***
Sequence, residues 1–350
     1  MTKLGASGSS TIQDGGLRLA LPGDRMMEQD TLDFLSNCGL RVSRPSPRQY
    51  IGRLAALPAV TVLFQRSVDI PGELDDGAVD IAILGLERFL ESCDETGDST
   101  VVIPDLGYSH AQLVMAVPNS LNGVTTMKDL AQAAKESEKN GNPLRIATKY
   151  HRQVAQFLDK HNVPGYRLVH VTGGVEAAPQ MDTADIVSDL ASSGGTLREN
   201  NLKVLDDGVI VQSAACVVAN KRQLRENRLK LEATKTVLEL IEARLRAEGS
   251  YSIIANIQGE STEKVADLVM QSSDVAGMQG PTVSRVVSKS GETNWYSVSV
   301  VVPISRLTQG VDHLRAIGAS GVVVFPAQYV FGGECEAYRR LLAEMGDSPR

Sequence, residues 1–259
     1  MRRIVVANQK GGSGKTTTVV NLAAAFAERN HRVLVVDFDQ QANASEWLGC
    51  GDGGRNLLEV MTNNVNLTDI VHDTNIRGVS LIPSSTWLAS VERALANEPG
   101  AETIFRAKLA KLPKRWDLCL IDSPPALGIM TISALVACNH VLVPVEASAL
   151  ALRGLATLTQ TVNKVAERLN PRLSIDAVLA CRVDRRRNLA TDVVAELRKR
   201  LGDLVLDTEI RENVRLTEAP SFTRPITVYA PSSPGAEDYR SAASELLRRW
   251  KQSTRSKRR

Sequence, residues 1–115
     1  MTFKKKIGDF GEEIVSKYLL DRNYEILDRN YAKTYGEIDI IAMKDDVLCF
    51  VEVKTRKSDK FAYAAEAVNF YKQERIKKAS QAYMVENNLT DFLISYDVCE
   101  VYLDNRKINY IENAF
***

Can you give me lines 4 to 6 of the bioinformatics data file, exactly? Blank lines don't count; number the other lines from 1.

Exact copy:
   101  VVIPDLGYSH AQLVMAVPNS LNGVTTMKDL AQAAKESEKN GNPLRIATKY
   151  HRQVAQFLDK HNVPGYRLVH VTGGVEAAPQ MDTADIVSDL ASSGGTLREN
   201  NLKVLDDGVI VQSAACVVAN KRQLRENRLK LEATKTVLEL IEARLRAEGS